Role of glyoxylate shunt in oxidative stress response [Microbiology]

April 1st, 2016 by Ahn, S., Jung, J., Jang, I.-A., Madsen, E. L., Park, W.

The glyoxylate shunt (GS) is a two-step metabolic pathway (isocitrate lyase, aceA; and malate synthase, glcB) that serves as an alternative to the TCA cycle. The GS bypasses the carbon dioxide-producing steps of the TCA cycle and is essential for acetate and fatty acid metabolism in bacteria. GS can be upregulated under conditions of oxidative stress, antibiotic stress, and host infection, which implies that it plays important but poorly explored roles in stress defense and pathogenesis. In many bacterial species, including Pseudomonas aeruginosa, aceA and glcB are not in an operon, unlike in Escherichia coli. In P. aeruginosa, we explored relationships between GS genes and growth, transcription profiles, and biofilm formation. Contrary to our expectations, deletion of aceA in P. aeruginosa improved cell growth under conditions of oxidative and antibiotic stress. Transcriptome data suggested that aceA mutants underwent a metabolic shift toward aerobic denitrification; this was supported by additional evidence, including upregulation of denitrification-related genes, decreased oxygen consumption without lowering ATP yield, increased production of denitrification intermediates (NO and N2O), and increased cyanide resistance. The aceA mutants also produced a thicker exopolysaccharide layer: a phenotype consistent with aerobic denitrification. A bioinformatic survey across known bacterial genomes showed that only microorganisms capable of aerobic metabolism possess the glyoxylate shunt. This trend is consistent with the hypothesis that the GS plays a previously unrecognized role in allowing bacteria to tolerate oxidative stress.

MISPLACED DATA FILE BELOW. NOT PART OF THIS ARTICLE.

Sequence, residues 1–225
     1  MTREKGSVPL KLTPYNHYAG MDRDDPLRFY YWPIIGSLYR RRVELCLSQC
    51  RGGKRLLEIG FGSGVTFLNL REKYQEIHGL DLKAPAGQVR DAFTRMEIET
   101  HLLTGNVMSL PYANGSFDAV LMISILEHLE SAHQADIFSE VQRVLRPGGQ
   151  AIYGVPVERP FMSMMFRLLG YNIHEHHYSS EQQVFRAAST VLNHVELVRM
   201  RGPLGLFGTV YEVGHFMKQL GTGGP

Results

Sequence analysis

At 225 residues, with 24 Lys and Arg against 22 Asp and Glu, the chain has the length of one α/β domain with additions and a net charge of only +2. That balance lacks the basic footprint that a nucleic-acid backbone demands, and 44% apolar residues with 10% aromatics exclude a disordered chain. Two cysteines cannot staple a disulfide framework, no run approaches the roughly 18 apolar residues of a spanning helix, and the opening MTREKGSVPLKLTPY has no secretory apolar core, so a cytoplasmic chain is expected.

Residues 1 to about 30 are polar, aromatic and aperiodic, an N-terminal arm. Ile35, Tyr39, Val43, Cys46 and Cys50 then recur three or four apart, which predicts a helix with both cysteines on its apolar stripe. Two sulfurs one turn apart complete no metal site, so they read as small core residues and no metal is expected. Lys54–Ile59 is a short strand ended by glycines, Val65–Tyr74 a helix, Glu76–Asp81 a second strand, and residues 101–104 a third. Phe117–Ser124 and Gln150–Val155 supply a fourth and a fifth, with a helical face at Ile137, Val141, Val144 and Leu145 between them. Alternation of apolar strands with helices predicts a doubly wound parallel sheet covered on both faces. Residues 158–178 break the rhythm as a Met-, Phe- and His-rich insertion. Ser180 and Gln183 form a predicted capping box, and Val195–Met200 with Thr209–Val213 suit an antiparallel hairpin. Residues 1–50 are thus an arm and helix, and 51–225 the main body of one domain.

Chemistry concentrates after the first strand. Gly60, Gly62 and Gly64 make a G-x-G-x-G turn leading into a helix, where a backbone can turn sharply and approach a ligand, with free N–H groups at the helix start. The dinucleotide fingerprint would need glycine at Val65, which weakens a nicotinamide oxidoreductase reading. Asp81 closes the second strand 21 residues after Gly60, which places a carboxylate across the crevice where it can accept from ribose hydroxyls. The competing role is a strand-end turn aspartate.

Entry of Bluetongue virus capsid requires the late endosomal specific lipid lysobisphosphatidic acid [Lipids]

April 1st, 2016 by Patel, A., Mohl, B.-P., Roy, P.